35. CP: How about miso (bean paste) or soy sauce? • Goto: Those things, we’d buy. • Tamura: Yes, we bought them. • CP: Have you made them? • Tamura: Well. • Goto: I don’t think so. • Tamura: Me, neither. May be in the past, (people made them), but when we became old enough to understand, I don’t think people made such things. • CP: OK, I see. So in your mothers’ or grandmothers’ generations, may be people were making miso or soy sauce at home, but • Goto: [Right, right. • Tamura: [Right, right. • CP: But in your generation, you bought them. • Tamura: That’s right. • Goto: Right [nods]

    36. Dementia/AD talk: Humor • Decline of humor comprehension in comparative studies with younger generations (e.g. Mak and Carpenter 2007). • Humor and laughter for life enhancement for the eldery(e.g. Bethea2001, Gladding and Martin 2010, Takeda et al. 2010) • Humorous comments and laughter as self- and other-face-saving devices (Grainger 2004, Matsumoto 2009) • ??Humor production of people with dementia/AD

    37. Humor and memory Mrs. Goto (Moderate, AD) • CP: HaiKyo:uwa nan-nenno nan-gatsu nan-nichideshouka • Mrs.Tamura: [Heisei • Mrs. Goto: [Heisei 23nen no • CP: hai 23nen no • Goto: hachigatsu • CP: hachigatsu • Goto: ikutsuyattakashira, nijuugonchi? • Workers: O: a: subarashii • Tamura: atari CP: Yes. What day of what year is it today? Mrs. Tamura: Heisei Mrs. Goto: Heisei 23 CP: Yes, Heisei 23 Goto: August CP: August Goto: what day was it, 25th? Workers: O:h, wow, great Tamura: Bingo!

    38. 10. Goto: atarimashita? • 11. CP: atarimashita • 12. Tamura: arasugoi • 13. CP: nantetondemonai • seikaidesu • Goto: /?/detaramenano • dattekanjin no ne: • kyuuryouganaimon • ne: • 15. SW: a ha ha • 16. Goto: a ha ha • 17. Tamura: a: • Mrs. Goto: Did I get it right? • CP: (You) got it right. • Mrs. Tamura: Wow, great! • CP: Well, no, it was the • correct answer. • Goto: /?/ (I) made it up • because, (we) don’t have • the most important thing, • you know, the paycheck. • SW: [laughs] • Mrs. Goto: [laughs] • Mrs. Tamura: Ahh

    39. “Rice” • Today is Rice Day. This year, buying futures or cornering of old rice have been in the news. Rice is a staple for Japanese. What memories about rice do you have?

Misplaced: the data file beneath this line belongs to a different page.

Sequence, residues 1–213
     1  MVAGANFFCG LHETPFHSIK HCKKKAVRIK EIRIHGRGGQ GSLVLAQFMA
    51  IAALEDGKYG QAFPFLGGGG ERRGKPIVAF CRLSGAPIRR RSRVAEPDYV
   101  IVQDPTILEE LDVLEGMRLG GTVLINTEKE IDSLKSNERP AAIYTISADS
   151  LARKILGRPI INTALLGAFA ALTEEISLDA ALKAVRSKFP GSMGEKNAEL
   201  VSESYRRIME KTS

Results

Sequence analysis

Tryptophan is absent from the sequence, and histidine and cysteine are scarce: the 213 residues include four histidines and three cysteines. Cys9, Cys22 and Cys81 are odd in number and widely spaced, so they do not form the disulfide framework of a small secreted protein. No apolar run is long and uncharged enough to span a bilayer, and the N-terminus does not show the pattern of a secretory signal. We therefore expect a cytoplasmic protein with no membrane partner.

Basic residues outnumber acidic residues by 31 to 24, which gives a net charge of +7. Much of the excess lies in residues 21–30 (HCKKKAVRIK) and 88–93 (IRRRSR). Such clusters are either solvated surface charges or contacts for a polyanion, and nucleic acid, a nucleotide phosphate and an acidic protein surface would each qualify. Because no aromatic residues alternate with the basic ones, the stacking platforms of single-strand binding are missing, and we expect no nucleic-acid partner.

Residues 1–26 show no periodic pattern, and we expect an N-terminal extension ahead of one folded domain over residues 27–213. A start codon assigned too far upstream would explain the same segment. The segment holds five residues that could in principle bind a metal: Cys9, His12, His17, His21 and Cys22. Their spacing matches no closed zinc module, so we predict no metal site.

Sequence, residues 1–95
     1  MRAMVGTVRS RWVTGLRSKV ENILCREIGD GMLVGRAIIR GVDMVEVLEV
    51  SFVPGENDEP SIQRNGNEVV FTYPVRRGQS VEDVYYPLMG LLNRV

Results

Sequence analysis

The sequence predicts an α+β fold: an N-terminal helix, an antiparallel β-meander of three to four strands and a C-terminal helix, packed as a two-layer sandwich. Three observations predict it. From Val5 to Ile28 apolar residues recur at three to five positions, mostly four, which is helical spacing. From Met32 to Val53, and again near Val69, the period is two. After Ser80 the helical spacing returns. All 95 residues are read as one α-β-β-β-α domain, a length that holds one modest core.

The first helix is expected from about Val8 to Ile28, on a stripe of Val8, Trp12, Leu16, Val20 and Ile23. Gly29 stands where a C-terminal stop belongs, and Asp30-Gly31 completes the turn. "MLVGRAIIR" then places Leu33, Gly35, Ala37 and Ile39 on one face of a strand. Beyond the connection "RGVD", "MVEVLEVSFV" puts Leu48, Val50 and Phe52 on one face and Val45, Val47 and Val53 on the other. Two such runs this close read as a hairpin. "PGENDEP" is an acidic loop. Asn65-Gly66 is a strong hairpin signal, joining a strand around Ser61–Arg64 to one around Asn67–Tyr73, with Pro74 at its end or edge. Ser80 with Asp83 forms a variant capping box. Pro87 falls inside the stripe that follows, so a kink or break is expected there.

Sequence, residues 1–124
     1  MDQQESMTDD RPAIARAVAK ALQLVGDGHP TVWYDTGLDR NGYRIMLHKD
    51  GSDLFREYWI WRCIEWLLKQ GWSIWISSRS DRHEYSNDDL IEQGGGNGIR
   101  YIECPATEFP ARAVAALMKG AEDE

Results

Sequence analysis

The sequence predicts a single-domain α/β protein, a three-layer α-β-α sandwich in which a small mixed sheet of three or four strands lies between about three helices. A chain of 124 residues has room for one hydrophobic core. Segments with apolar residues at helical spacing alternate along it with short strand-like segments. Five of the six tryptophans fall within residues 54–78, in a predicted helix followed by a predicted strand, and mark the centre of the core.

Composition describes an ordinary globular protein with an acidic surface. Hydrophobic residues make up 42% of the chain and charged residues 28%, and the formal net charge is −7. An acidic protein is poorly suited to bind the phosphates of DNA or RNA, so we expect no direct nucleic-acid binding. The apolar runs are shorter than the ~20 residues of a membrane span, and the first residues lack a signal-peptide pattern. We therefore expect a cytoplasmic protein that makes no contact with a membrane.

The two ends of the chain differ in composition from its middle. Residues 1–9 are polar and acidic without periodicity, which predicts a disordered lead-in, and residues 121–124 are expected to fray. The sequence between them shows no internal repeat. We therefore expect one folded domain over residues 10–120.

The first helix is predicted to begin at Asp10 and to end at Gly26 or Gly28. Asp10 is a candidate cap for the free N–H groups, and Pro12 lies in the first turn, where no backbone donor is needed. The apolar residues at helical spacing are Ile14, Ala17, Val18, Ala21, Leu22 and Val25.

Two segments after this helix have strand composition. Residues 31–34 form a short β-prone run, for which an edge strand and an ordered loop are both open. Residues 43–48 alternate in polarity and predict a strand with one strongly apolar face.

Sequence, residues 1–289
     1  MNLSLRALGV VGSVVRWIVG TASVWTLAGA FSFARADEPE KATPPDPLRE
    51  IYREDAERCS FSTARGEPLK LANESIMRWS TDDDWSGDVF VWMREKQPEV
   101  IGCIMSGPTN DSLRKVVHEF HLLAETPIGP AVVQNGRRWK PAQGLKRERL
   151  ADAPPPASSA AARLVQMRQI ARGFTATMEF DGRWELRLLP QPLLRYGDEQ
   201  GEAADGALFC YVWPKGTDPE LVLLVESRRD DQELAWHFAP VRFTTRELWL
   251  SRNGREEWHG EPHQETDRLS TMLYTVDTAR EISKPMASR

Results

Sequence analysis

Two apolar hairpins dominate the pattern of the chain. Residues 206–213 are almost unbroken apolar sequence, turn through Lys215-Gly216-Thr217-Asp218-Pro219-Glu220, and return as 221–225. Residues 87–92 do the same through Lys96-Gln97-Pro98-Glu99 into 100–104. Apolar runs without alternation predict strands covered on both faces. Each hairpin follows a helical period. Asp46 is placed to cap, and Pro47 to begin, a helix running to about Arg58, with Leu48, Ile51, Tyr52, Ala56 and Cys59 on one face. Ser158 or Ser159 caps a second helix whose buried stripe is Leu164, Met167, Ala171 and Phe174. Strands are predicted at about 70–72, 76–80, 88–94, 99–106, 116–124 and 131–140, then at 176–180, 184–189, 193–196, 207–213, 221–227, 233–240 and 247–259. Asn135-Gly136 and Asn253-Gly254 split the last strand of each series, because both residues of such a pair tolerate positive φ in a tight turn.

40. “Rice” day: August (8) 18th (10+8) • “Rice” “Eight” “Ten” • 米八 十

    41. Alzheimer’s disease: Memory does not last but Humor does not rust Mrs. Kaede (severe, AD) • 1. CP: Kaede-samawa pan to • okomedeshitara • dochiragaosukiesuka? • 2. Mrs. Kaede: N: soudesu ne • watashiwahachi- • juu-hachino houga ii • desu • 3. CP: hachi-juu-hachi no hougaii • [laughs] sore waokome no • houga ii tteiukotodesuka? • 4. Kaede: [smiles] • 5. [laughter] • 1. CP: Mrs. Kaede, which • one do you like better, • rice or bread? • 2. Mrs. Kaede: Mm, well, I like • eighty-eight. • 3. CP: You like eighty-eight • [laughs]. Do you • mean you like rice • better? • Kaede: [smiles] • [laughter]

    42. AD talk • CP: sorekaraminasamasupootsukansenyakyuu demo ma suiei demo sakkaa demo mini irashitakotowaarimasuka? • Mrs. Kaede: Gozaimasuyo. • CP: gozaimasu? Naniwo mini ikimasita? • Kaede: sono: ano: kurasuni ne ma ouchigaoarininarukatawa ne sorede shite irashitakedo • CP: sorede site rasshattakurasunokurasuno • CP: so has everybody gone watch sports games? Baseball or soccer or, have you gone watching sports? • Mrs. Kaede: Yes, I have. • CP: You have? What did you go watch? • Kaede: well, uh, in the class, well, those who had the house, you know, they did it by that • CP: did it by that, for/of class. For/of class.